Keenan Seguancia arrived at the College of Business motivated and with a solid strategy: to double-major in accountancy and business information systems, the latter adding depth and breadth to his education along the road to the CPA exam and a career in accounting.
But an internship at Nike led to a change in plans for the senior from Honolulu.
Nike, he learned in February 2014, was making a big push to elevate its data collection, storage and analysis game. Not only would the Beaverton-based company bring on a collection of BIS interns, it would add a chief information officer to the corporate management team.
Seguancia had only a few days to get his application materials ready before the deadline passed, but he sensed this was the opportunity he’d been eyeing as he chased internship possibilities.
“You have to swing to hit a home run,” Seguancia said. “I swung many a time and struck out.”
In taking his cuts for the Nike internship, he aimed for the fences by submitting, along with a resume and cover letter as requested, a one-minute video highlighting his skills and how Nike’s mission and values paralleled his own.
All of that earned him an interview via HireVue, which Seguancia describes as “like Skype, but no one is on the other end” – it lets companies record, for later review, interviewees as they answer a series of questions.
From there, he advanced to a 10-minute telephone interview, which resulted in an invitation to intern.
“They usually look for designers or marketing people for their interns, but as a BIS student, I was in the right place at the right time,” he said.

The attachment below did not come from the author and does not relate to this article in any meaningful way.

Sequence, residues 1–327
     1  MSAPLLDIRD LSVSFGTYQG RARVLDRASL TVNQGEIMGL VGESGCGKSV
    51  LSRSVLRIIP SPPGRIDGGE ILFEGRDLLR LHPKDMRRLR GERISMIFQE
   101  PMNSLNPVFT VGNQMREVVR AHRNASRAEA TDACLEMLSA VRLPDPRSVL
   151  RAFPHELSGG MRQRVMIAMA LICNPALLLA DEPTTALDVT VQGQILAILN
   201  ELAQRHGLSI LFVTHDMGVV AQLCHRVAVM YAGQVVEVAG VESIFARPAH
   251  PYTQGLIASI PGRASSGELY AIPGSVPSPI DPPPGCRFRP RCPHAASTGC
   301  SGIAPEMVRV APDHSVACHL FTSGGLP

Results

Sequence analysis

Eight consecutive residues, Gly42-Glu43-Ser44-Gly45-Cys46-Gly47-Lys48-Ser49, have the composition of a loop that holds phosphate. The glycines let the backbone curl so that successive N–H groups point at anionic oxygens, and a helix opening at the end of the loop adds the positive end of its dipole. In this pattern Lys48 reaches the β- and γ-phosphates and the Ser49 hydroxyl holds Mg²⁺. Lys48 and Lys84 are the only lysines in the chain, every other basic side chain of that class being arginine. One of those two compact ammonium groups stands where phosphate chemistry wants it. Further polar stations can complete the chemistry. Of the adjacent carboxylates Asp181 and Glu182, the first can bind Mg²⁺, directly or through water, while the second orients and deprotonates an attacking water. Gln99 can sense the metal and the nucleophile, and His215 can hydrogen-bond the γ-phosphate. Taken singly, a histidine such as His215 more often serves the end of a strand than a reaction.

Seguancia spent three months in the human resources technology department and excelled, earning a job offer – he’ll start in July. At Nike, Seguancia primarily worked on resume screening software and also testing and developing software “for back-end HR things.”
He also earned the right, along with seven intern teammates, to present a marketing, sales and distribution plan he helped develop to a group of executives that included Phil Knight. His team had vied with about 15 other intern squads for the right to appear before the company chairman – an experience that Seguancia smilingly described as “nerve-wracking,” but also gratifying.
“Just to see the founder of the company sitting right in front of you, I felt really valued,” he said.
Seguancia’s main internship and job-hunting advice to fellow College of Business students is “utilize the career center – that’s what they’re there for.”
“Attend all the career fairs,” he said. “Get involved outside your academics, recognize skills that you lack and then attend information sessions that are there to work on those certain skills.”